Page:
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MJ. Smith | Forum Activity | Posted: Wed, Jun 24 2009 12:13 AM

I just read that John Wycliffe's Bible translation included the Epistle of the Loadiceans. Does anyone know if there are any other similar surprises - inclusions or exclusions?

Thanks.

Orthodox Bishop Hilarion Alfeyev: "To be a theologian means to have experience of a personal encounter with God through prayer and worship."

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George Somsel | Forum Activity | Replied: Wed, Jun 24 2009 2:15 AM

MarthaJSmith:

I just read that John Wycliffe's Bible translation included the Epistle of the Loadiceans. Does anyone know if there are any other similar surprises - inclusions or exclusions?

Thanks.

I am unaware of the precise contents of Wycliffe's translation though I do know that it was made from the Vulgate rather than from the original languages.  It is said that Wycliffe himself translated only the NT which is a better translation than the OT which was done by Nicholas of Hereford with the whole being revised by John Purvey.  Since it was made from the Vulgate, one would expect that its contents would reflect whatever was contained in its exemplar.  Wycliffe's works were known and read by Jan Hus.

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יְמֵי־שְׁנוֹתֵינוּ בָהֶם שִׁבְעִים שָׁנָה וְאִם בִּגְבוּרֹת שְׁמוֹנִים שָׁנָה וְרָהְבָּם עָמָל וָאָוֶן

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John Fidel | Forum Activity | Replied: Wed, Jun 24 2009 4:19 AM

There are a few great resources in Logos that will expand on your question: The Bible in Translation by Bruce Metzger and The Canon of Scripture by FF Bruce. I think you will find them very informative as to how we arrived at our canon.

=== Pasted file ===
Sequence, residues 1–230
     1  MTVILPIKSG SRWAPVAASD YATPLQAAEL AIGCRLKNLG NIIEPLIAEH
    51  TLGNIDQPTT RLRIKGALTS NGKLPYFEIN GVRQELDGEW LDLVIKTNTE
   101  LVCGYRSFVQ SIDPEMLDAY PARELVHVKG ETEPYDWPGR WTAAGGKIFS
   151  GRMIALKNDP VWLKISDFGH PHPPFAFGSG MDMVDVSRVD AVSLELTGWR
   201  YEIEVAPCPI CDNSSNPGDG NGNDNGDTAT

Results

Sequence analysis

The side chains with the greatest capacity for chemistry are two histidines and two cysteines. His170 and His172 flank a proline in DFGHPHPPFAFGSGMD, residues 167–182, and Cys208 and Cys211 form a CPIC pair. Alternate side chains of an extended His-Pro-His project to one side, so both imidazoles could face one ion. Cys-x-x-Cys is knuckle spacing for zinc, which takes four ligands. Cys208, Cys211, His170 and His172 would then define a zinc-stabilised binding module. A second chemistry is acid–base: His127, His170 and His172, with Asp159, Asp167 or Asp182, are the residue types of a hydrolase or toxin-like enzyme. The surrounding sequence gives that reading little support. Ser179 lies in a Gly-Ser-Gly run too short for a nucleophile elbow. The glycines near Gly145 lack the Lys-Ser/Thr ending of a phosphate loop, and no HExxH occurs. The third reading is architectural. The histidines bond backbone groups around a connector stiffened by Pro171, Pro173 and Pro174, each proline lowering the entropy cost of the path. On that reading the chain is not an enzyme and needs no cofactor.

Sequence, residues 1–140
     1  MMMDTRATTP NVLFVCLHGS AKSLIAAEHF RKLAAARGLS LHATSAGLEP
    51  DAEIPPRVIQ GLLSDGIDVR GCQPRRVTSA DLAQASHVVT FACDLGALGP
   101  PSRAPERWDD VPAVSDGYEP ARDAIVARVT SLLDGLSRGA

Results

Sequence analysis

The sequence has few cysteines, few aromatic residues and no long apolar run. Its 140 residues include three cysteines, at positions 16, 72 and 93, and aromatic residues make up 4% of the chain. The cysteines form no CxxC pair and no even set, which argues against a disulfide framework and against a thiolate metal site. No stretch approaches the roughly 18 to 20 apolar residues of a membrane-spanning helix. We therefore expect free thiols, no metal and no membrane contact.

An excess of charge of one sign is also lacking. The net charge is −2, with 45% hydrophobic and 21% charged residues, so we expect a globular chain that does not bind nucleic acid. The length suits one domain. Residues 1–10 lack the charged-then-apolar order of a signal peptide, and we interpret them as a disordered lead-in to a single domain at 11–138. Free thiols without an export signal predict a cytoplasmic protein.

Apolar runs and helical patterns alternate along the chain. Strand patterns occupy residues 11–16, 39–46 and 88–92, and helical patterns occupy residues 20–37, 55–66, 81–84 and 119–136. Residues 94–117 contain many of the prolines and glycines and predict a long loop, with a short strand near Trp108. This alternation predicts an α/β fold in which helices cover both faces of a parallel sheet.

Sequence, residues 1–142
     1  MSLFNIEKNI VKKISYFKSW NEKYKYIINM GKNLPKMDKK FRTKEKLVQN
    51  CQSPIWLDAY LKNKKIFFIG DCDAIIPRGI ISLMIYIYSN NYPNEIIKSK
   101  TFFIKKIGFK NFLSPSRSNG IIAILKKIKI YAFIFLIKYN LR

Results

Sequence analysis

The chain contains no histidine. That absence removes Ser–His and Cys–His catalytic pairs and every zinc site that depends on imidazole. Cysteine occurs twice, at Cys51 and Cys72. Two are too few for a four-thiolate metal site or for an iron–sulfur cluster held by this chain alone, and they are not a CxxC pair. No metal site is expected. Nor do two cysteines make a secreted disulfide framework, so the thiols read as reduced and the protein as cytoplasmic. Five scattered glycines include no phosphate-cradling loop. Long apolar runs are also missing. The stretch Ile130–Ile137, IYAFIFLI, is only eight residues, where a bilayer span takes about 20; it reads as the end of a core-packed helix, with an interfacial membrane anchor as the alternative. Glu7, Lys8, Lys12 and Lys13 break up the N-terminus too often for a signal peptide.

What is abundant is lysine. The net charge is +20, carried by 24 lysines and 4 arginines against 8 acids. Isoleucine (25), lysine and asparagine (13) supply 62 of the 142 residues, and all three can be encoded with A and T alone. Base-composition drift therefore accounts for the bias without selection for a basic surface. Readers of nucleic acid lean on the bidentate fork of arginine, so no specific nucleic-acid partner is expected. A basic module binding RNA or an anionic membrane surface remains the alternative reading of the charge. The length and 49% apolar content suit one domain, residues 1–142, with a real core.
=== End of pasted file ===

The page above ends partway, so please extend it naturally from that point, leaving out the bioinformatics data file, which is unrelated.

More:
John Fidel

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Vincent Setterholm | Forum Activity | Replied: Wed, Jun 24 2009 5:09 AM

The Epistle to the Laodiceans has been included as an appendix to many editions of the Vulgate, including the Stuttgart edition edited by Weber and available for Logos. As such, it has a similar status as the Prayer of Manasseh and 1 (3) and 2 (4) Esdras, which are also 'appendix' material to the Vulgate, but not considered canonical in the Catholic Church - though it could probably be argued that the latter enjoy a higher standing than the Epistle. This is not unlike the situation in the Septuagint used by the Greek Orthodox, with 4 Maccabees enjoying a higher status in the appendix than the Psalms of Solomon or Odes.

For a bird's eye view of the contents of many Bible traditions, you might enjoy the chart prepared for Bible Study Magazine found here:

http://www.biblestudymagazine.com/interactive/canon/

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Aeolus Jacobus | Forum Activity | Replied: Tue, Jun 30 2009 5:04 PM

MarthaJSmith:

I just read that John Wycliffe's Bible translation included the Epistle of the Loadiceans. Does anyone know if there are any other similar surprises - inclusions or exclusions?

Thanks.

 

I studied the Lollards at University and the main author you want to read from about Wycliff's translations is Ann Hudson.

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